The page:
Sanctuaries have developed educational signage for a variety of topics, from the issues inherent in The raising of chickens primarily for the consumption of their eggs and/or flesh, typically in a non-agricultural environment. care and egg production and the challenges facing woolen residents, to the ethical and sustainability issues inherent to the production of cow’s milk for human consumption.
Educational signage can also be employed to introduce individual residents and their stories nearby their living spaces, including the things that they get to experience at your organization that might be markedly different than how they were living previously.
Educational signage can also help to explain organizational decisions that may not be clear at first glance to someone outside of your organization. For instance, if your sanctuary keeps some living spaces free of residents in case someone needs to be quickly isolated or removed from a social situation, it can be helpful to put up signage explaining that it is intentionally left open as a matter of safety for residents, so folks visiting without context do not assume that your organization has more capacity for responsible care than it seems!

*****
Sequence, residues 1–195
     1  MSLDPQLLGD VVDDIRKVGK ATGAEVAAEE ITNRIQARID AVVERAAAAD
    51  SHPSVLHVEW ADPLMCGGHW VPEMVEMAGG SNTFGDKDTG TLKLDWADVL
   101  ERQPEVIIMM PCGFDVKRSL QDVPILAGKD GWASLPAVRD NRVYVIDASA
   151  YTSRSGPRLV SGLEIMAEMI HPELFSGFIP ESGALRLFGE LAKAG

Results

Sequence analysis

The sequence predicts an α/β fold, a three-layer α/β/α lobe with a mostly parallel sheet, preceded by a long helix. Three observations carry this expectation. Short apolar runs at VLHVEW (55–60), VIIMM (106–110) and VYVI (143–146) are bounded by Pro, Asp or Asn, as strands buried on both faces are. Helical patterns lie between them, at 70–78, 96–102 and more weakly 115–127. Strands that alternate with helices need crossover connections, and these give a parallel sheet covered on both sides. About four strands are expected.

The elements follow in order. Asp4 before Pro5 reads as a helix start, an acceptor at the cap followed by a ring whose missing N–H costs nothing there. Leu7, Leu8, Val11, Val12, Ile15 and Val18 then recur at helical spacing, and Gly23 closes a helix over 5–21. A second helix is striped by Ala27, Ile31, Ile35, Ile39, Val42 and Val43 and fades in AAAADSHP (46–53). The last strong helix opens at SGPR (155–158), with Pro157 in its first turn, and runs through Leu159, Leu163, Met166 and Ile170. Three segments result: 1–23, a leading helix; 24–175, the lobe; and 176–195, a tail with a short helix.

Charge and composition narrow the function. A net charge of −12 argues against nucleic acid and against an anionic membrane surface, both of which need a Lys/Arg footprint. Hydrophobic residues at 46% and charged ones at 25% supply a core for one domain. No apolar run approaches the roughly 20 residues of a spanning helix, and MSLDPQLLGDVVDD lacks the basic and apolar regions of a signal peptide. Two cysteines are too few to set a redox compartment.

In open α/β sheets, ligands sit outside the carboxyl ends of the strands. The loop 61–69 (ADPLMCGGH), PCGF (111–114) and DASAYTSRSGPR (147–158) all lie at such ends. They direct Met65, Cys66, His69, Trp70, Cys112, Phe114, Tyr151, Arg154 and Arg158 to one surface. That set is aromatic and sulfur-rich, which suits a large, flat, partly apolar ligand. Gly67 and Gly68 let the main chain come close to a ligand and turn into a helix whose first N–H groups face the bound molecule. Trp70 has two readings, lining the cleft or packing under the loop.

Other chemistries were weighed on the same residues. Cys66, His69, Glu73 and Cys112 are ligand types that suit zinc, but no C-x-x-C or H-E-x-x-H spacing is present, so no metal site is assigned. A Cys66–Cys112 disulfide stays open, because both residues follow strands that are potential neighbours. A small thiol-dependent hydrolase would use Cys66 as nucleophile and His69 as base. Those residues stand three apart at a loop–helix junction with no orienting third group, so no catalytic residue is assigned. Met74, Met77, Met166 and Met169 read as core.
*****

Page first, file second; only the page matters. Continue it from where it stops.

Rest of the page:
Signs Can Demonstrate Your Gratitude
Many sanctuaries employ signage as a way to express gratitude to their supporters, especially those who have made major financial contributions to the organization. Signage for donors and to thank supporters can take many forms, from plaques on walls to donor gardens and more! For some ideas on donor gratitude and the forms it can take, check out our resource on raising money for animal sanctuaries here!
What does your organization use signs for? Anything we haven’t covered? Let us know and we’ll add it into this resource!